What about things and articles people find in their houses that lead them to believe that magical spell has been cast? Things like lemon thrown in the courtyard, a bunch of hair under the bed, pigeon eggs or a number of paper balls found buried in the front yard, and other such weird objects? Aren’t these the objects used by magicians to cast spells, and planted by someone intending evil?

The answer is, in some cases sure they are, that is, objects used for casting magical spells, although in majority of cases, coincidental. However, those that are genuine are ineffective because firstly, a true magician will never hand over such objects to anyone, preferring to handle it himself. Secondly, they are sold at goodly price to the naïve and gullible by the tricksters pretending to be magicians. In actual fact they are not. They are like quacks in the villages who pose as doctors to make their living, or bogus spiritualists in the cities who pretend to be holy with commanding supernatural powers, but in actual fact most of the time on drugs to keep their eyes look dreamy and weird. So, even if they have been planted by a magician, the articles can be thrown into the dustbin without any fear. They are like counterfeit items, made in India, but with USA mark.

Didn’t the Prophet (asws) suffer magical spell? He who does not know anything about the Prophet, sometimes not even where he was born and where he died, knows this from his life and blurts out this question when told that his idea of magical spell on him, is only figment of imagination because there are no true magicians around. (Also, he doesn’t realize that he is not worthy enough for somebody to offer a fat fee to a magician to cast a spell on him). Those who can dis-charm magical effects with the help of Qur’an and Hadith-sanctioned spell-words, feel frustrated when they suggest that the suspicion of magic is wrong, but rather the victim needs to see a good doctor; but the person consulting him insists that he is sure it is magic (this is what his grandmother told him), and, after all, ‘they cast magical spell on the Prophet, so why not on me?’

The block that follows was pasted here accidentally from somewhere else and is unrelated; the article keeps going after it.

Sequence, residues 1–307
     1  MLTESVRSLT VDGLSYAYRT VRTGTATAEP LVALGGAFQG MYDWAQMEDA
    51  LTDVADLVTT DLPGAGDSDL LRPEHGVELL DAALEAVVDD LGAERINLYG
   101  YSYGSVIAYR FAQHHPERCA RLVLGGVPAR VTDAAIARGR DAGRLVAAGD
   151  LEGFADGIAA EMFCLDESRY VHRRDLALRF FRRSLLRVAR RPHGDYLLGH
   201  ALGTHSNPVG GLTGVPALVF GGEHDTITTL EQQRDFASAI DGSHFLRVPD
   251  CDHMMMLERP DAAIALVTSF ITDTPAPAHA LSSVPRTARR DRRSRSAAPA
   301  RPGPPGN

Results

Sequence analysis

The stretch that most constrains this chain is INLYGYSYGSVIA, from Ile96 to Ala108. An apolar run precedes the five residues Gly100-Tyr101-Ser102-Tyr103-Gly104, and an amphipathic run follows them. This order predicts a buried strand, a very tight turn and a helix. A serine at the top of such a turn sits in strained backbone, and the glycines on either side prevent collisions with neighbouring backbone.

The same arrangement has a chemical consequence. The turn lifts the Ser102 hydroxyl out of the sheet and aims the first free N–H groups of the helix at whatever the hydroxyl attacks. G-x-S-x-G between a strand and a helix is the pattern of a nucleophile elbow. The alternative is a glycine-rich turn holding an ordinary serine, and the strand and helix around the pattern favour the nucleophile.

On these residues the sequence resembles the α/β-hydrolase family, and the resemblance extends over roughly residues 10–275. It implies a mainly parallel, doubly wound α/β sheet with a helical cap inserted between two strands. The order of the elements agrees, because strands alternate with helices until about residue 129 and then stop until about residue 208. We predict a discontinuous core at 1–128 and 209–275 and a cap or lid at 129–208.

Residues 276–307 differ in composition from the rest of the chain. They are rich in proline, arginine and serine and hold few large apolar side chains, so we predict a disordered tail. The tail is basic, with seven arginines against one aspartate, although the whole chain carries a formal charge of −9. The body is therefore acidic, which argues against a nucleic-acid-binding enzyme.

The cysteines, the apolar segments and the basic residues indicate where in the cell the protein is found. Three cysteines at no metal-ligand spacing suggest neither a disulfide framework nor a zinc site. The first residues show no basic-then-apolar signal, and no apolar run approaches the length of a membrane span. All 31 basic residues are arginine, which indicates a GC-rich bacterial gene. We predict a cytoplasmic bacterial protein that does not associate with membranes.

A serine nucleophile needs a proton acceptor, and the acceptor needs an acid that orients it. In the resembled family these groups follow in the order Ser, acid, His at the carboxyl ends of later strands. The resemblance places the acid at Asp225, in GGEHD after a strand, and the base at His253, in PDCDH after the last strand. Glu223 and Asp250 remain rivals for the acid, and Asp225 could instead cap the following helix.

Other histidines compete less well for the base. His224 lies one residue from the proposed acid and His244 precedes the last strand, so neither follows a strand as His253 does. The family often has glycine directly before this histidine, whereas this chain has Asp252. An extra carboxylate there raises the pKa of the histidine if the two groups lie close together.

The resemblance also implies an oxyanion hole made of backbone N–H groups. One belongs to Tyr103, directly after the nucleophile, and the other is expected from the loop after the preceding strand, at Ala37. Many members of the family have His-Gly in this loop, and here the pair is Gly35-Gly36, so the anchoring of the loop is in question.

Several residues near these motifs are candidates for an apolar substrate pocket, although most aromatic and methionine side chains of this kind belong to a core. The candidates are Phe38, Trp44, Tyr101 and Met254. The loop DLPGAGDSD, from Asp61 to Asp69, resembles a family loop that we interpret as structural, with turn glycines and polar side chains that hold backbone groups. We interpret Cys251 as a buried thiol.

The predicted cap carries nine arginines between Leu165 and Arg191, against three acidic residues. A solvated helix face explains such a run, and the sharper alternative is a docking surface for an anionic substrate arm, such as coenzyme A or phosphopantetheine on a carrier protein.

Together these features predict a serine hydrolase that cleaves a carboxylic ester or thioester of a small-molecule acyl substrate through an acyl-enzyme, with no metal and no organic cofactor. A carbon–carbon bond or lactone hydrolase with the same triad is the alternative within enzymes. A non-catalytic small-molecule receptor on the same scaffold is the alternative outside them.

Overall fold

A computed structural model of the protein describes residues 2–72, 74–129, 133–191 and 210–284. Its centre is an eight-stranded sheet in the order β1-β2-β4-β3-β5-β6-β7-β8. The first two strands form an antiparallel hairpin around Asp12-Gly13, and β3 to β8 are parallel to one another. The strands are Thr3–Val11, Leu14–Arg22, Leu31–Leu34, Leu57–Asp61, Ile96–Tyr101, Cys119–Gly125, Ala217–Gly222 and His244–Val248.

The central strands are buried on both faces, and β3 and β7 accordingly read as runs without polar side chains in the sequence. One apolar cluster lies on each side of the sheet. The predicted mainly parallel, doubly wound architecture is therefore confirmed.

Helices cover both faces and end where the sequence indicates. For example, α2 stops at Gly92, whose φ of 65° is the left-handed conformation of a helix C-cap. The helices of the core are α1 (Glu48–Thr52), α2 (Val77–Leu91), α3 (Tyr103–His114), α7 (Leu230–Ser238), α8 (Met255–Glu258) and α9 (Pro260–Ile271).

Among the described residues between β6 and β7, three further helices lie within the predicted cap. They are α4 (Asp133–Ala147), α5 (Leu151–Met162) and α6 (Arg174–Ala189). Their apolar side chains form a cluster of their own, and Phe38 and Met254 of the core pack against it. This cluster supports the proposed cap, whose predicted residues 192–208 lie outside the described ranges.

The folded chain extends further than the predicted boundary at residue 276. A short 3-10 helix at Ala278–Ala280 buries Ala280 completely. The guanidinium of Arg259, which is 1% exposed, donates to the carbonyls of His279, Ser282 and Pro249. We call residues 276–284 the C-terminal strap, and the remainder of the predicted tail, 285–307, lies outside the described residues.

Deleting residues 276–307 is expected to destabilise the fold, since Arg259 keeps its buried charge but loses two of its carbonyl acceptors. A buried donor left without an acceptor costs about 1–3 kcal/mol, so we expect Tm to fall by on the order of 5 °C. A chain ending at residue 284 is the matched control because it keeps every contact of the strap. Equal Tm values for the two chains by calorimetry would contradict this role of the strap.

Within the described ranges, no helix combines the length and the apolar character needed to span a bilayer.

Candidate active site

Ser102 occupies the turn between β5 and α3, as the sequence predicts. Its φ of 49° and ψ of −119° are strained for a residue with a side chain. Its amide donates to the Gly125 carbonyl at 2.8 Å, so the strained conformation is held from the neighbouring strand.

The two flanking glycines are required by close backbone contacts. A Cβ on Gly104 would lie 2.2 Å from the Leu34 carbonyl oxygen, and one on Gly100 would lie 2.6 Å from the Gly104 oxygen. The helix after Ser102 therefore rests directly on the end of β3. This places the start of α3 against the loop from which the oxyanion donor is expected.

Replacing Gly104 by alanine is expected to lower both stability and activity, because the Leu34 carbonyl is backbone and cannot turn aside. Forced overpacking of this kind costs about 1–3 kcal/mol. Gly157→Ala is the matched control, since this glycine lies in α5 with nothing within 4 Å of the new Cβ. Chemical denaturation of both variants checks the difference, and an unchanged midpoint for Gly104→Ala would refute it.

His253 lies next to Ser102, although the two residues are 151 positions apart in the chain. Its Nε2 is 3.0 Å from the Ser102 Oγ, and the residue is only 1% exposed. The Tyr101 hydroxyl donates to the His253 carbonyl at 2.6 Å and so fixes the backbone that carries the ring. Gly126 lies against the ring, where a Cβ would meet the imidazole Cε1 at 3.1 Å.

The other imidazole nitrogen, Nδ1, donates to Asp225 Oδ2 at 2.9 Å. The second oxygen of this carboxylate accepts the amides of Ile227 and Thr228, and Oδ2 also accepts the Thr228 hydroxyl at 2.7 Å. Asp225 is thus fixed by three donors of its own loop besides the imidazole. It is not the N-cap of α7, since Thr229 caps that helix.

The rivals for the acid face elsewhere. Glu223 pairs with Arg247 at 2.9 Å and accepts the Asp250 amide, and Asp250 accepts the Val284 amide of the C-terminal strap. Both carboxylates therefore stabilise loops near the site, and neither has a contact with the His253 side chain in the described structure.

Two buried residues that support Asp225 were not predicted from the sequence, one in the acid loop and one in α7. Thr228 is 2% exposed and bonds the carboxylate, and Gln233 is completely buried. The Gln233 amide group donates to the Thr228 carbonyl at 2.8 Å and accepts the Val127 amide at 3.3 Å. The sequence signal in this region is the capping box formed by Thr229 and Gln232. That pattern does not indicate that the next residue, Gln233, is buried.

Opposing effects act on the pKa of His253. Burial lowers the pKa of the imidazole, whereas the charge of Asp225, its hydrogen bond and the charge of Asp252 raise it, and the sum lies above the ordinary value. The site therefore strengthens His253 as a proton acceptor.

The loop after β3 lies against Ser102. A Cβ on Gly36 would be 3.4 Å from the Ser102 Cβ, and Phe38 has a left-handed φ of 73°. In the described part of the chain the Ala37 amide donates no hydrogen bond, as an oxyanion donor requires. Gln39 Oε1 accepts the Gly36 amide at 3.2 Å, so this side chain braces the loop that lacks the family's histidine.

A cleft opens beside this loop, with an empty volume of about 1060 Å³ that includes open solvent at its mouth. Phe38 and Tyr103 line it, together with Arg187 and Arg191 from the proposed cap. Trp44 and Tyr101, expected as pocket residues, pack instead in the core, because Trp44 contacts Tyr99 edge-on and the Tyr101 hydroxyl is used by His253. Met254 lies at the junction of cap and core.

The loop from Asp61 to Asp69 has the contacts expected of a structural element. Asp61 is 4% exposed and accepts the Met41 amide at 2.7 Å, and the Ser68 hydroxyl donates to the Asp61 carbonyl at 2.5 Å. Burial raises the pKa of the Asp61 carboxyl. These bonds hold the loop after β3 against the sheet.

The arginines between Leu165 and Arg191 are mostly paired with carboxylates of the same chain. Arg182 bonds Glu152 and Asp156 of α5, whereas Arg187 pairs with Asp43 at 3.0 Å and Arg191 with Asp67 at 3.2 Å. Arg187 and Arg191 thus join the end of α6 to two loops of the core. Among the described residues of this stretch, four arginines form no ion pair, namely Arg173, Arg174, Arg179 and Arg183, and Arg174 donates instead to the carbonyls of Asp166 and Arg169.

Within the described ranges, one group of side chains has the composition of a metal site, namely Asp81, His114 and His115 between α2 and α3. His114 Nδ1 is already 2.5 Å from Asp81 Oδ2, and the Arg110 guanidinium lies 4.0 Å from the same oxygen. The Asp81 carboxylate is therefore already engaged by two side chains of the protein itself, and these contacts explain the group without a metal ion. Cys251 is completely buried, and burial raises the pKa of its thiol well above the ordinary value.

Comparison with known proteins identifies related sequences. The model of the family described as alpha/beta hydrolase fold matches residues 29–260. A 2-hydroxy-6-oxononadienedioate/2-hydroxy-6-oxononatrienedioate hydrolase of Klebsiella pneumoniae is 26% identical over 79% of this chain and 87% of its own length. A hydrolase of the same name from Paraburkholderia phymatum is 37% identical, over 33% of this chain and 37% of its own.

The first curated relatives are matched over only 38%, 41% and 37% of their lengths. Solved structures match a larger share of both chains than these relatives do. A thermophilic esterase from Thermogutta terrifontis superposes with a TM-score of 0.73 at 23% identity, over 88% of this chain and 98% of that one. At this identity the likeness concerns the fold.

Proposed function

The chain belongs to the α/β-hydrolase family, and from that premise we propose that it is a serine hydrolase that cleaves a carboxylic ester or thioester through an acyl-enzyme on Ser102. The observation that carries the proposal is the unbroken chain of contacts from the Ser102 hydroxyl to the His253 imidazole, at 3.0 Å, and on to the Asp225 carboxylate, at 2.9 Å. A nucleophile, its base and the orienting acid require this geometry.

When you lose your faith, you lose your reason. The Prophet was a special person, high in rank, and, therefore, had to undergo all tests on the one hand, and, on the other experience a bit of every hardship that the Ummah’s individuals would ever experience. He suffered scorpion bite, fell from the horse, tasted fever, underwent assassination attacks, faced disturbing behavior of the wives, had daughters divorced, children dying away, a dear son passing away, losing a battle, married to a woman he didn’t want to, losing his tooth, abused through poetry, an uncle’s heart chewed, stoned hurled at in the streets – you can go on counting all that he had to encounter after being awarded with the responsibility of Apostleship. One another specialty was that magical spell was cast on him. Allah allowed that to happen because, apart from unknown wisdom, it was to try him and try his Ummah. Would they derive the right lesson or use it for committing Kufr by consulting magicians every time they sneezed thrice in the morning.

That the Prophet’s case was special becomes too obvious when history is consulted. It informs us that none of the four Khulafa’, the Companions and their followers, the hundreds of Fuqaha’ and Muhaddithin, the thousands of Sufis, and tens of thousands of scholars were ever affected by magic. But, does the Ummah refer to its history? Were they superior to the Prophet?